Unbroken

Theatrical Release: December 25, 2014
Unbroken
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sex
language
violence
drugs
nudity
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Synopsis

A chronicle of the life of Louis Zamperini, an Olympic runner who was taken prisoner by Japanese forces during World War II.

Dove Review

“Unbroken” is a powerful movie, especially considering that it is based on a true story. Louis Zamperini was a strong-willed child, experimenting as a teen with drinking alcohol and smoking cigarettes. However, he was raised by loyal parents who disciplined yet loved him. His mother prayed for him and Louis often saw her doing so without her knowing he was watching. His brother Pete saw in Louis an ability to run, and to run fast. He encouraged him to train and, sure enough, Louis began to break his high school’s records with his swift running. Soon he found himself headed to the Olympics.

The film focuses a lot on the suffering Louis eventually encountered. He entered World War II and was on a plane that lost its engines and crashed into the water. He and two friends survive on a raft, dealing with storms, sharks, thirst and hunger. During one particularly bad storm, with the water almost overturning the raft, Louis promises God he will follow Him if God allows him to survive. He does survive, although one companion dies a few days later. They wind up on the raft for some 45 days. Louis and his companion, Phil (Domhnall Gleeson), are found by Japanese soldiers and soon Louis finds himself in a POW camp. The commander, Corporal Watanabe (Takamasa Ishihara), sees a strength in Louis he is jealous of, and proceeds to inflict bodily pain and suffering on him, striking him repeatedly with a stick and at one point having the entire prison group punch Louis, one man at a time. They are ordered to do so or Louis’ friend Phil will be killed. Jack O’Connell is absolutely fantastic and convincing as Louis, as is Ishihara as Watanabe. The suffering of the men includes dealing with frigid temperatures without coats, unlike the Japanese soldiers.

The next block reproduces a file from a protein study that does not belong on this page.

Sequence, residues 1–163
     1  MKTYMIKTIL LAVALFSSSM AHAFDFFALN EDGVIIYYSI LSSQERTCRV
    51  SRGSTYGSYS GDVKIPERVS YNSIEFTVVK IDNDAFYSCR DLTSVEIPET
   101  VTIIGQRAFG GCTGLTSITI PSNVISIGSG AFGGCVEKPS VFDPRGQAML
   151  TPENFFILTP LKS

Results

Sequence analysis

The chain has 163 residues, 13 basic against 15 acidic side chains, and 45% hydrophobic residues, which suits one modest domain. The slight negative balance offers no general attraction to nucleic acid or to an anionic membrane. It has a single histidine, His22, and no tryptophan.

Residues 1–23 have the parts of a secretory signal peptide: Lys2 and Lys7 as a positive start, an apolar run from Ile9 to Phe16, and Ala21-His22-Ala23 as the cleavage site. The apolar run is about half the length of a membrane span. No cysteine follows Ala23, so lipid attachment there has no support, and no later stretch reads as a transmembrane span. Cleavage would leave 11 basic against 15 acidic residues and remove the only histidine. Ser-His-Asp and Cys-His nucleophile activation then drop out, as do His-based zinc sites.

Louis faces even more trials, including lifting a large piece of wood and holding it without dropping it after a full day’s work. Watanabe tells his soldiers to shoot Louis if he drops it. But Louis even endures this indignity. He says it is his belief that God is with him and enables him to overcome. He quotes a phrase his brother once used: Take it to make it.

Angelina Jolie shows herself to be very capable in directing the film. The themes include loyalty to God, family, and the ability to persevere by keeping hope alive. Sadly, the strong language and rear male nudity prevent us from awarding the movie our Dove “Family-Approved” Seal.

Content Description

Sex: Some sexual innuendos.
Language: GD-1; O/G-3; D-4; S-2; A-1; SOB-1; Geez-1; Shut up-2; a few racial remarks are used like "Wop," "Dumb Dago" and "Japs."
Violence: An air battle with planes downed and exploding; man is wounded in plane and has blood on face; a fight and a boy is punched a few times; man is injured in a crash and blood is seen on his hands and face; men kill fish and a shark and cut it to eat and survive, blood is seen; plane shoots at men on raft; comment about Marines being beheaded; man is struck and hit with a pole, punched, kicked, smacked in the ear with a whip, and there is blood seen in several of these scenes; man's nose is broken; others are struck.
Drugs: Boy drinks alcohol and smokes, but is corrected by a police officer and his family; smoking and drinking in other scenes by men, including beer.
Nudity: Rear male nudity; shirtless men; men put hands over privates.
Other: Boy is briefly spanked for disobedience; tension between characters; men vomit; man has doubted God but promises to follow Him if he survives and he does; men fall from a bridge.

Info

Company: Universal Pictures
Director: Angelina Jolie
Genre: Drama
Runtime: 137 min.
Industry Rating: PG-13
Reviewer: Edwin L. Carpenter